The obscurity and confusion introduced by the practices we have been speaking of were not confined merely means guarantee the correct spelling of any name which is not French in the preceding extracts, because they are taken from French authors, and writers of that nation, till very lately, contended which should spell foreign names worse. If all difficult researches are interesting, then what a tempting subject it would be to endeavour to find ten English words consecutively spelt right in any French author from 1750 to 1815!
We may congratulate our readers on being allowed to call books and men by their vernacular names. If there be any one who is insensible to the benefit thereby accruing to him, we should very much like to send him on a hunt among the book-stalls for the following scarce work (as he would find it): 'Viri celeberrimi, &c. Velocii Decani Patriciensis, vita, auctore Gualtero Novelists. Augustae, Midcccxx. Excudebat Calvisius Victor.'
III. THE DUCKING-STOOL.
Bosweix relates that Dr. Johnson, in a conversation with Mrs. Knowles, the celebrated Quaker lady, said, "Madam, we have different modes of restraining evil— stocks for the men, a Ducking-stool for Women, and a pound for beasts."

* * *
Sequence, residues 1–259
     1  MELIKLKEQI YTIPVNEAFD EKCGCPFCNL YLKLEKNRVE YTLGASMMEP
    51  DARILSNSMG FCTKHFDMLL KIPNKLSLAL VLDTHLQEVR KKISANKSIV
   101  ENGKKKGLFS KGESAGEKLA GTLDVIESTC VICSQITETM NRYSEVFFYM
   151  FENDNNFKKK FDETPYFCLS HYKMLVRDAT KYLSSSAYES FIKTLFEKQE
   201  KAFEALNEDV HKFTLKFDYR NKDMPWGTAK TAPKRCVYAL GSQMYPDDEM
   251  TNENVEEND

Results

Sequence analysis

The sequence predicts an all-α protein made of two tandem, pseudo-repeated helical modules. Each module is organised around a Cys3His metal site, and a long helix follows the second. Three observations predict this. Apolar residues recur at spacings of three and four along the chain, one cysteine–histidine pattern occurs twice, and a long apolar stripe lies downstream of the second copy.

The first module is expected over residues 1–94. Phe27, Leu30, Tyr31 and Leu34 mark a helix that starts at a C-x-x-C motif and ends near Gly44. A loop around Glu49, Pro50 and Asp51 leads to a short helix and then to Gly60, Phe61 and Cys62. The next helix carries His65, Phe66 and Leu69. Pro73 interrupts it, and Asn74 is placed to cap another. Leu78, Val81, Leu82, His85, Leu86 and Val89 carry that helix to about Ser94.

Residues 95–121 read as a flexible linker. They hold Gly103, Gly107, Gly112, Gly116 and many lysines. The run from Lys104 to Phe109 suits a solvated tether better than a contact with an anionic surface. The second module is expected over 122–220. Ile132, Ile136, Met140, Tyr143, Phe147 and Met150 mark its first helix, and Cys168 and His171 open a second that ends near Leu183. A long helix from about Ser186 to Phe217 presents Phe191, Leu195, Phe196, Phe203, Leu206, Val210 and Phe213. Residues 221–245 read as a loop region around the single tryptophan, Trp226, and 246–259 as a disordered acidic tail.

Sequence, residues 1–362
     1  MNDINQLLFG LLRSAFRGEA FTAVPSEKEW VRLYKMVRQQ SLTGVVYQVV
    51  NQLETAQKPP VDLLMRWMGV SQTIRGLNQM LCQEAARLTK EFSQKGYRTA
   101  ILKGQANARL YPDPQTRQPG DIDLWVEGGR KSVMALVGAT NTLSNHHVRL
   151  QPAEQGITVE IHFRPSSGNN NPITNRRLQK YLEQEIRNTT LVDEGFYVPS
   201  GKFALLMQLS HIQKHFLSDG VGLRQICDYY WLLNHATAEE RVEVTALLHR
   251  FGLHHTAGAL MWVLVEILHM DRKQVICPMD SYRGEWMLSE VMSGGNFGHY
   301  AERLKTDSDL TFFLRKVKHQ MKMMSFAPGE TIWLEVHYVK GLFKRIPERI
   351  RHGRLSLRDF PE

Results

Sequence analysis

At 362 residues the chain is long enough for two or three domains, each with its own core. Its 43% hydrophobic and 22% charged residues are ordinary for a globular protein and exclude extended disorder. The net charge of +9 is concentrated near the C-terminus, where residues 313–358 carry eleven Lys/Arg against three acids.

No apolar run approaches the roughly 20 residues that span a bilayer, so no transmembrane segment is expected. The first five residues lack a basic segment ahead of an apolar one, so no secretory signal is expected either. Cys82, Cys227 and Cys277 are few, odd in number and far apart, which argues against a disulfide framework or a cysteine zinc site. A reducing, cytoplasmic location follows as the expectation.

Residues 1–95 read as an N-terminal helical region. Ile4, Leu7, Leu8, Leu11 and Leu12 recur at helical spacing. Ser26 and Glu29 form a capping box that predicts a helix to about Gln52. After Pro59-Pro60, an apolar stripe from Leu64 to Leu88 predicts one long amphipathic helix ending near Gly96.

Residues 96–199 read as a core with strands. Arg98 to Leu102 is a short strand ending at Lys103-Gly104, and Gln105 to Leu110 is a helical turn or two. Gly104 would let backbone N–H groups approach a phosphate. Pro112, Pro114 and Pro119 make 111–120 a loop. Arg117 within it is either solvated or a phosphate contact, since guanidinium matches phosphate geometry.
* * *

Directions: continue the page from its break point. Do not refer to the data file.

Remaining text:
In early times it was called the cucking-stool. Brand describes it as an engine invented for the punishment of scolds and unquiet women, by ducking them in the water, after having placed them in a stool or chair fixed at the end of a long pole, by which they were immerged in some muddy or stinking pond.
Blount thought this last name a corruption of duckingstool; and another antiquary guessed that choking-stool was its etymology.—(See Brand's ' Popular Antiquities,' vol. ii. p. 442.) But in a manuscript of the ' Promptorium Parvulorum' " esyn, or Cukkyn, is interpreted by stercoris; and the etymology is corroborated by a no less ancient record than the Domesday Survey, where, at Chester, any man or woman who brewed bad ale, according to the custom of the city, had their choice either to pay a fine of four shillings or be placed in the cathedra stmoris.